askLB1

Another interesting point of why LB doesn’t carry sizes above 26 in their stores. I do think that they offer up to size 28 online, and in some stores. What most people don’t realize is not all stores are equal. Stores are “graded” based on traffic, physical size and location. Based on this grade, determines the products they receive or don’t receive, this includes the sizes offered as well. A larger store- like the one in Braintree MA, I consider to be an “A” or “B” store, as it has a very large amount of square footage and seems to carry the most local assortment and variety of sizes. However, if I compare that to the Lane Bryant in Walpole Ma, there is a huge difference. Walpole has maybe 1/3 of the retail space, and much less of an assortment and size range. Don’t get me wrong, they carry all the sizes, but they will distribute the sizes in much smaller quantities, thus making getting a larger size more difficult, because there might only be 1 available in that location.

Now I want you to know that I never have worked for Lane Bryant in any capacity, however I do have a corporate day job at a plus size retailer, and I imagine the basics of retail are the same. So to L J Laubenheimer’s point- there just might not be those sizes, or many of those sizes available in local locations. Could this be fixed? Yes- but from a retail perspective it will depend also on the shopping patterns of that location. If certain sizes aren’t selling- or go on clearance, they most likely will not buy so many in the future. I didn’t say that they should buy this way- but it is business. Personally I had an experience at my day job where a store manager asked a executive at corporate for more product in their location. And what was awesome, was corporate listened, and shipped more product to that location. This gives me hope that things can change, and the retailers are listening.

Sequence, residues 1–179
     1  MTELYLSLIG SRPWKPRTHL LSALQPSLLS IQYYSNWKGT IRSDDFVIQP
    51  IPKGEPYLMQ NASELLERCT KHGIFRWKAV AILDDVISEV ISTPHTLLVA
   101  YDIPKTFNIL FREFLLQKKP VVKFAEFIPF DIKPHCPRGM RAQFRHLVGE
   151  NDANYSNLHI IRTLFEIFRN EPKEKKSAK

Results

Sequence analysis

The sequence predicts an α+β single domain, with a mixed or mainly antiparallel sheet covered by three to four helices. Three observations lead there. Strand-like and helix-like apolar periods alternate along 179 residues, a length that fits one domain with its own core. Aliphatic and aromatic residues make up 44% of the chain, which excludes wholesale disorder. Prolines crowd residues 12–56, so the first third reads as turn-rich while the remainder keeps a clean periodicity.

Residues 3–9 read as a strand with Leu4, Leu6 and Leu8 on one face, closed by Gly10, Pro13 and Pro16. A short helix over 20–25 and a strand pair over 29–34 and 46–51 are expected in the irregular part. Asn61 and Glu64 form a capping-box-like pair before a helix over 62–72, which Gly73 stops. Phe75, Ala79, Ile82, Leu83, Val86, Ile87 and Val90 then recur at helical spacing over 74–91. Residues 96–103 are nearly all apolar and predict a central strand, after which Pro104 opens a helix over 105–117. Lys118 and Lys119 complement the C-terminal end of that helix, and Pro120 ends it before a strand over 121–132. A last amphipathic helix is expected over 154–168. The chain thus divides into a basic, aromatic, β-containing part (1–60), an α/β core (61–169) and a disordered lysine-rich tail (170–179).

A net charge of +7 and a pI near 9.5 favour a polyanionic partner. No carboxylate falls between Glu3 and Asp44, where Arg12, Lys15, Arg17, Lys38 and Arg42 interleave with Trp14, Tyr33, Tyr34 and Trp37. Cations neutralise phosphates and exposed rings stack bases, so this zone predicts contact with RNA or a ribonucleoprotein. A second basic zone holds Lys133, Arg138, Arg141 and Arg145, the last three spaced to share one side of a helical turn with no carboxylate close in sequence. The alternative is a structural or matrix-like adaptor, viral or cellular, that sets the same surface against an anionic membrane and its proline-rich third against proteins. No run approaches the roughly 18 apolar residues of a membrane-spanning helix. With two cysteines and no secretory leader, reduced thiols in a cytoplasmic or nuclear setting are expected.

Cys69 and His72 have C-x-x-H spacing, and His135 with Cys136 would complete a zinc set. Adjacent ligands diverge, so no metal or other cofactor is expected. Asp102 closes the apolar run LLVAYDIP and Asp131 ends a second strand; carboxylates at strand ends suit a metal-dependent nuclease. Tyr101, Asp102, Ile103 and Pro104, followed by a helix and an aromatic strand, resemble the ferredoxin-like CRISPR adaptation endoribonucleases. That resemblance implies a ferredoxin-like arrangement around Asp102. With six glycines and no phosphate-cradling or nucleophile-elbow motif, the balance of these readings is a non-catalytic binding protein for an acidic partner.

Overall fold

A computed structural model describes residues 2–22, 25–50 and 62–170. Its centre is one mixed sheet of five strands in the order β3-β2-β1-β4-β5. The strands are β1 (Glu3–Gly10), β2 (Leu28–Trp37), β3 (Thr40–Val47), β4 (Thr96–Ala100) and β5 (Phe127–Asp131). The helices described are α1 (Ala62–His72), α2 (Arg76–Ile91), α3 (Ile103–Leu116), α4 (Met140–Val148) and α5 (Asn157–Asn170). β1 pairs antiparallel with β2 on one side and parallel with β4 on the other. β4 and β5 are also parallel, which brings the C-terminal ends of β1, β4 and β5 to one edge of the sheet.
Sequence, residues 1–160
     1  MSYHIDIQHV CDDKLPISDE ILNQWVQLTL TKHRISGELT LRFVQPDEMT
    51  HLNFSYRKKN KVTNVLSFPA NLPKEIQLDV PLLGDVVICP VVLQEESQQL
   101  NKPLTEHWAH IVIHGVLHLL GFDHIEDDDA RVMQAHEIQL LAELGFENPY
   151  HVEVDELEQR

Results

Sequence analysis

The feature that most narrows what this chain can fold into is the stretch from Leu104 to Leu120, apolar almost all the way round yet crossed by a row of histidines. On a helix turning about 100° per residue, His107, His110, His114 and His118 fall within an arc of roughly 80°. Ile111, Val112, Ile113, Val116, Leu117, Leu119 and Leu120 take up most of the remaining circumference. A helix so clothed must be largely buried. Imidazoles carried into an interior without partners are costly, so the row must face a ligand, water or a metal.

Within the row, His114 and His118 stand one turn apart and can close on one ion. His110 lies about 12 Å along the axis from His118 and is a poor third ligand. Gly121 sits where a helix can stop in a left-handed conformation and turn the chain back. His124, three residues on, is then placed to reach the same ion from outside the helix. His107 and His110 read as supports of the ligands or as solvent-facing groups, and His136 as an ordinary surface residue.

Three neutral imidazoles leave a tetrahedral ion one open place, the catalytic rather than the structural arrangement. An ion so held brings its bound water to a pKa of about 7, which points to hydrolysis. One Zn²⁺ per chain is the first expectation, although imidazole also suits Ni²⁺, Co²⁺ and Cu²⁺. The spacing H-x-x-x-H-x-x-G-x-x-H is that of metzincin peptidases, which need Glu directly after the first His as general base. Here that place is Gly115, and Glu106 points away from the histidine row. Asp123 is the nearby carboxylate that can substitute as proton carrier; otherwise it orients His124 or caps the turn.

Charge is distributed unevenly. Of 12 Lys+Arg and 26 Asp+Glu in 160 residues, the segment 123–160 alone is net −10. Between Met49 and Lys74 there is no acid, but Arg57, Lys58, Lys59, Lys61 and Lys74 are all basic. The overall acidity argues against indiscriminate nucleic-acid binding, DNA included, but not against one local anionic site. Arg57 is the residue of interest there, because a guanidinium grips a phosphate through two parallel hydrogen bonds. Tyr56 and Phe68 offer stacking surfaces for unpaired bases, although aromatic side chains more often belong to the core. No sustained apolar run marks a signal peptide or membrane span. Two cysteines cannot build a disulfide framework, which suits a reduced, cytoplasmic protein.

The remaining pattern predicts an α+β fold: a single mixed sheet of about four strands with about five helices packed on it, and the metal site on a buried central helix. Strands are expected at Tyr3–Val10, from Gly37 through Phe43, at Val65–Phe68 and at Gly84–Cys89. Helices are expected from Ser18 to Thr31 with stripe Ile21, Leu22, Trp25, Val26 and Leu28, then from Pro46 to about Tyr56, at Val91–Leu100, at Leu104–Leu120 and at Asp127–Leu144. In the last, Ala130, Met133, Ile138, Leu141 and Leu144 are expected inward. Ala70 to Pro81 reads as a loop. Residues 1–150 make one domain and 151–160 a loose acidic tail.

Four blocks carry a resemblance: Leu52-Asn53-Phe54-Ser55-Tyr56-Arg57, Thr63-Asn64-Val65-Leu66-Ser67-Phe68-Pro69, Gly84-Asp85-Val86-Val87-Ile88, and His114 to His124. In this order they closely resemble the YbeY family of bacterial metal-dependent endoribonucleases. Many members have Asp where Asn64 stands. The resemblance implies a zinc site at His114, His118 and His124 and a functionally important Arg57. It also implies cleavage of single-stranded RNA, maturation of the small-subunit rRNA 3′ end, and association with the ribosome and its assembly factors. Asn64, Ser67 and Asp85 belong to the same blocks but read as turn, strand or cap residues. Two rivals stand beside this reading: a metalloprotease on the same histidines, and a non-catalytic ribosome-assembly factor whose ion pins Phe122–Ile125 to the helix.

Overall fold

askLB3The wonder Curves and Chaos- who I had the pleasure of meeting in NYC last year- also calls for more diversity. I also think this is a valid point. She points out not just size, but shape and ethnicity. I agree- I think the diversity is better then it has been in the past, but I would love to see models with apple shapes, models who are petite, etc. I personally would love to see a model who Is my size 26 as well. I think its smart because it helps the consumer relate and see what the brands clothing looks like on multiple body shapes. Don’t get me wrong, not everyone can be represented all at the same time from one brand. But that’s the beauty of fashion- its not one brands job to satisfy everyone. If it were, there would only be one brand. The point is to give consumers choices and options.